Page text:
Warning: do not ask your spouse (or your friend or your kid or your brother) if they’re happy unless you’re really, truly prepared to hear the answer. Unless you’re certain the relationship, and your heart, can survive honesty. Happiness is a tricky thing, perhaps overvalued, perhaps not, but certainly contentious, perhaps elusive, always sought-after.
Brothers Nicholas (Chris O’Dowd) and Chris (James Adomian) are dealing with the death of their father, which was a rough one (or are they all?). Grief never exists in a vacuum. Death doesn’t wait for marriage, divorce, career, or even nervous breakdowns. It doesn’t wait to be convenient. Grief gets woven into the pastiche of life and it’s hard to watch these two mostly lovable guys flail about. But in some ways it’s even harder to watch their mother (Andie MacDowell. Andie MacDowell!) try to cope. She’s too young to be a widow and too vibrant to just curl in on herself. And too concerned about her children to not say what’s on her mind. Grief doesn’t make you a better person.
Love After Love is a bold movie that refuses to put on a brave face. There are no easy answers and no Hollywood endings. Grief changes a person, distorts a family dynamic. It can be ugly and it can be cruel, and director Russell Harbaugh savours those moments like they’re precious, and I suppose in some essential way, they are. The film feels loose and untethered; a series of family gatherings reveal their struggle to return to stasis. It’s as messy as they are, and seeing these emotions portrayed so honestly and unflinchingly is bleak of course but refreshing – I almost felt a sense of relief to not have to buy into the normal Hollywood tropes.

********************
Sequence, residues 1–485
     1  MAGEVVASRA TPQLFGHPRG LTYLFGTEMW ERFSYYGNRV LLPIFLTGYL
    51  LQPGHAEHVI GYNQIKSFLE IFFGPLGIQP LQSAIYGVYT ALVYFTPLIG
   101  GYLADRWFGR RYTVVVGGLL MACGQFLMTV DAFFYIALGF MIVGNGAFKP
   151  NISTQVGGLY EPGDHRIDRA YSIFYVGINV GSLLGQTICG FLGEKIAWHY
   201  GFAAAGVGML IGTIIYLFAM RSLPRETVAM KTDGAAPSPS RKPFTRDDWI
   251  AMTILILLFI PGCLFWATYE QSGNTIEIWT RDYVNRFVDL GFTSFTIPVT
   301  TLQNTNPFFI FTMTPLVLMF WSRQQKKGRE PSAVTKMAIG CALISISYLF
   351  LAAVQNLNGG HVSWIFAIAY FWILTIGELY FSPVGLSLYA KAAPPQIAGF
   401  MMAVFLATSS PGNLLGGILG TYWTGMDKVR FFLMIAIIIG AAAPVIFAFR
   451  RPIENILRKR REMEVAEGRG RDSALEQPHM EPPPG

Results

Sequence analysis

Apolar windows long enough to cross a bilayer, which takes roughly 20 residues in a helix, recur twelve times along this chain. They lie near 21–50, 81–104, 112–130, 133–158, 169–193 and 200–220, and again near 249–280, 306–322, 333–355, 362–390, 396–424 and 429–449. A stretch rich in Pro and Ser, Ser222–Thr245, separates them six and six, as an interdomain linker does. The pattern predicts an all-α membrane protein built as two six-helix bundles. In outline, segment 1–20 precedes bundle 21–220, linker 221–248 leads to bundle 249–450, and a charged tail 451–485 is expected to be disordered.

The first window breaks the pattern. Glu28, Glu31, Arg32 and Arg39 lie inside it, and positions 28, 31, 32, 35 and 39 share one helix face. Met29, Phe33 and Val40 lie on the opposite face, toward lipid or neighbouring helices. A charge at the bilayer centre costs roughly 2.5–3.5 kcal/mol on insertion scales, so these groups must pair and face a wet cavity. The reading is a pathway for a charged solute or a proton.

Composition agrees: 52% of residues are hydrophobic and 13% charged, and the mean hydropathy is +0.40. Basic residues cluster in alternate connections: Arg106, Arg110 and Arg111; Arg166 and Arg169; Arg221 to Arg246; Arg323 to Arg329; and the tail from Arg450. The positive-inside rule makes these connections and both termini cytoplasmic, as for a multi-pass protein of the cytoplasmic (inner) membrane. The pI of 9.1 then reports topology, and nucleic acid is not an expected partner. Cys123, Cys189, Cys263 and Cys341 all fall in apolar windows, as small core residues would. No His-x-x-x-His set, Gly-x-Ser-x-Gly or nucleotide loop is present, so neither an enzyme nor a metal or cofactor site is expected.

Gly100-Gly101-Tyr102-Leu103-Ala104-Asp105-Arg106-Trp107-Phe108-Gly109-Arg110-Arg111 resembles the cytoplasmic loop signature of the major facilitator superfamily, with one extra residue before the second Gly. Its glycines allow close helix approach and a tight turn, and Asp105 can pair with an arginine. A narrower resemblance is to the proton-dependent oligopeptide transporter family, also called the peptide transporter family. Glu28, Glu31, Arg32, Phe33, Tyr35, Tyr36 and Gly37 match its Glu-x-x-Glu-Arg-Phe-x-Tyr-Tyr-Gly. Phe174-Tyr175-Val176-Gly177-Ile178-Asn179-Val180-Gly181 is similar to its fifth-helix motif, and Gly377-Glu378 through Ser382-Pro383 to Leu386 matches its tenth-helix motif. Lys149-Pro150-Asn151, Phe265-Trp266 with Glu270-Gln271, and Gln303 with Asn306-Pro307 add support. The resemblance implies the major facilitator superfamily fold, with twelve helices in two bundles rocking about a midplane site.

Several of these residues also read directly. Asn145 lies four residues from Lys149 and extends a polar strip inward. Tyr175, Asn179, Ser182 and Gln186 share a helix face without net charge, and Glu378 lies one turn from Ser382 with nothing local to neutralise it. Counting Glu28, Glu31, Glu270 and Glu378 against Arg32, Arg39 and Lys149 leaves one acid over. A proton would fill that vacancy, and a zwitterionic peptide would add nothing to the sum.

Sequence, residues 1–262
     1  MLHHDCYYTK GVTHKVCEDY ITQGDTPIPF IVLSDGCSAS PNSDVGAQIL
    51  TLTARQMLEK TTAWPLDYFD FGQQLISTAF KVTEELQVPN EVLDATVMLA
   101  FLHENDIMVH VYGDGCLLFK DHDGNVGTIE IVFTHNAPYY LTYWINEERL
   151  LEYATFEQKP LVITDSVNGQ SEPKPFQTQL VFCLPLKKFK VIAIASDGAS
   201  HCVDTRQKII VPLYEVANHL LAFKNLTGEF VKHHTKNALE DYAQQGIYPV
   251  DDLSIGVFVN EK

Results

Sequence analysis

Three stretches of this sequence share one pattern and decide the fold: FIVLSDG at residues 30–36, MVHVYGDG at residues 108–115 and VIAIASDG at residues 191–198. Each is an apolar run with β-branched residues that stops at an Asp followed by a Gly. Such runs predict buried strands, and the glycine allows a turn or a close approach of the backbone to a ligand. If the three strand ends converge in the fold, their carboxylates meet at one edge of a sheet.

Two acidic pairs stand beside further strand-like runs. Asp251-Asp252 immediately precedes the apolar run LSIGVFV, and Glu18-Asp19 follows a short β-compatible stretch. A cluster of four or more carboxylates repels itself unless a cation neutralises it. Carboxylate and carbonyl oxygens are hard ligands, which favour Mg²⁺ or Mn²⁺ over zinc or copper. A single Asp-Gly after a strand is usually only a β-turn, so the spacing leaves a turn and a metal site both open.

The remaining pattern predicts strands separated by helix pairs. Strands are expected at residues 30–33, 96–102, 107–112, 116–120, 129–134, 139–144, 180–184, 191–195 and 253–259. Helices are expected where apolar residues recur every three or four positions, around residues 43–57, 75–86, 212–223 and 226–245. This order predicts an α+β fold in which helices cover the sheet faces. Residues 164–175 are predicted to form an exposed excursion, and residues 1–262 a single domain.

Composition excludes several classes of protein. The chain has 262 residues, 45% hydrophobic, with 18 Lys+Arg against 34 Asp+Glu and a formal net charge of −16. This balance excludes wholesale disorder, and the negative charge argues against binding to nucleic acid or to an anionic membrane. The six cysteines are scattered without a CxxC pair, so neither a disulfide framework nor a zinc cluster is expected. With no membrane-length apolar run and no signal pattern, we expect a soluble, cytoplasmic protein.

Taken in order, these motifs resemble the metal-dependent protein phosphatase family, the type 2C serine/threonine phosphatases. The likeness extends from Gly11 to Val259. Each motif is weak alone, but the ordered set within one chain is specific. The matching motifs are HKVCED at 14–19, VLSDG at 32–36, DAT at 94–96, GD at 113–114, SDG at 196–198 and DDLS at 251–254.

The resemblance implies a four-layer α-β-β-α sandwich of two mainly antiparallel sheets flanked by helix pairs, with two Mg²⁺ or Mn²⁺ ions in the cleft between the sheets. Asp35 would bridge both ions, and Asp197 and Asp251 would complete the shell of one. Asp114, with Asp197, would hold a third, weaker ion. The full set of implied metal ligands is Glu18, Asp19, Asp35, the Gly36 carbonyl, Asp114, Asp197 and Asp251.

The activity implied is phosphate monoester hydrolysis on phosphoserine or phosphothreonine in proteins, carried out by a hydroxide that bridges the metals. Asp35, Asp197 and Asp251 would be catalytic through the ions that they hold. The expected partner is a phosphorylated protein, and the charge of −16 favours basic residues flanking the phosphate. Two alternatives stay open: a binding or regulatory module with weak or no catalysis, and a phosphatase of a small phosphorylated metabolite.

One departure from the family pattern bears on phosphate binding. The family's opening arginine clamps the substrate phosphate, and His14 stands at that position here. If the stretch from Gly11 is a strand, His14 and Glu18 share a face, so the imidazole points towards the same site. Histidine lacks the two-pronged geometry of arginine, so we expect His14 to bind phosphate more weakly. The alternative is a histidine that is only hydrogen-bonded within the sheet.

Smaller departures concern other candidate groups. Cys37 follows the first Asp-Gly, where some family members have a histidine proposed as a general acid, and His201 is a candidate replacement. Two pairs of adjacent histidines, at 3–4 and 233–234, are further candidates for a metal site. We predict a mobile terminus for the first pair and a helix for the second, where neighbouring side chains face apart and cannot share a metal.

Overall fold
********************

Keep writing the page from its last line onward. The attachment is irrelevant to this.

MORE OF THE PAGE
The cast is wonderful because they’re fearless. I have loved Chris O’Dowd since I first laid eyes on him and in the past few years he’s shown incredible range (though I tend to believe that if you can do comedy, you can do anything – not true in reverse). But I’m also super glad to see Andie MacDowell because we never get enough and she’s as underrated as they come. Together, the three of them reflect an authentic experience that can be hard to watch because it feels personal. This kind of unraveling is meant to be private, or at least that’s what the death rites in North American tell us, and it makes us uncomfortable to witness it. This film delivers some very raw performances and if you can maneuver around the emotional minefield, I think you’ll be quite pleased that you did.